World Economic Forum Examines Future Mobility Trends

Michelle Avary, head of automotive and autonomous mobility at the World Economic Forum, argued in a January 13 column that demand for more “inclusive mobility” is one of three major future trends that will impact how government entities at all levels formulate transportation strategies.

[Above photo via the North Dakota DOT.]

“People today are insisting that mobility is a right and a public good, and that it must be inclusive,” she said. “This means that mobility must serve everyone – including those on low incomes, the disabled and elderly, and places with low demand such as rural areas. Inclusive mobility is mobility that is safe for everyone, including women.”

Michelle Avary

Avary added that inclusive mobility “is not an orderly trend; rather it will involve a lot of experimentation, no single correct solution, and a very long horizon.”

She explained that as quality of life degrades as a result of traffic congestion, and as people are excluded from mobility options, they are less willing to accept the status quo and more willing to experiment with alternative mobility options. “Technological advances can be harnessed to make mobility more inclusive and improve quality of life,” Avary said, which is one reason why advances in artificial intelligence, machine learning, data analytics, connectivity and automation are “being applied to mobility” now.

That trend will also result in more public-private transportation collaboration, particularly where automation and ride-hailing services are concerned.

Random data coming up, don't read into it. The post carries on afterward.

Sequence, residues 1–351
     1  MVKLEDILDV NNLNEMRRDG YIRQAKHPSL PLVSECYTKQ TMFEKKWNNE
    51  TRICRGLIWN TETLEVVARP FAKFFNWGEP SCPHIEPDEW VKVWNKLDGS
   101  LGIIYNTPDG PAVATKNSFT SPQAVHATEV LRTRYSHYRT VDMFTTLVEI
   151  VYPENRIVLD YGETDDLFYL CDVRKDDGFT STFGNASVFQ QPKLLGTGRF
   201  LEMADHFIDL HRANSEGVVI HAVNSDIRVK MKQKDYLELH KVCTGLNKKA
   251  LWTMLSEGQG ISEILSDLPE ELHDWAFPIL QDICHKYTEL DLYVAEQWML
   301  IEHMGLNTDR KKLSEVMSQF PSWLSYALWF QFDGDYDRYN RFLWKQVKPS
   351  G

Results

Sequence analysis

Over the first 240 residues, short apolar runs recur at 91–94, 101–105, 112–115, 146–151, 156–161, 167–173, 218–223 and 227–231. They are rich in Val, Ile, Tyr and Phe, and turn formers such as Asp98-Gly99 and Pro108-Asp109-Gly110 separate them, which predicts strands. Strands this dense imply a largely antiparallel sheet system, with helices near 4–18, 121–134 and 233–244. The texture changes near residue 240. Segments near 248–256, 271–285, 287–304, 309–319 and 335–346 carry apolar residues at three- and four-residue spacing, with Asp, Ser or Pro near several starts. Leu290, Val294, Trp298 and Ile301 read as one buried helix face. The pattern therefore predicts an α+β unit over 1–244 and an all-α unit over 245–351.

Photo by the North Dakota DOT

“Rural authorities are partnering with on-demand, high-occupancy ride-hailing companies to serve outlying areas,” she noted. “Transit authorities are creating dedicated offices devoted to advancing automated technologies. State governments are passing laws allowing for automated trucks, shuttles, and taxis.”

Such collaboration will accelerate because, Avary believes, people and governments are “becoming frustrated” with the traditionally slow pace of public transit improvements and the associated costs.

“Many are turning to the private sector to help deliver real solutions faster and more affordably,” she pointed out. “And there is widespread belief in the potential of Fourth Industrial Revolution technologies to solve seemingly intractable mobility problems.”


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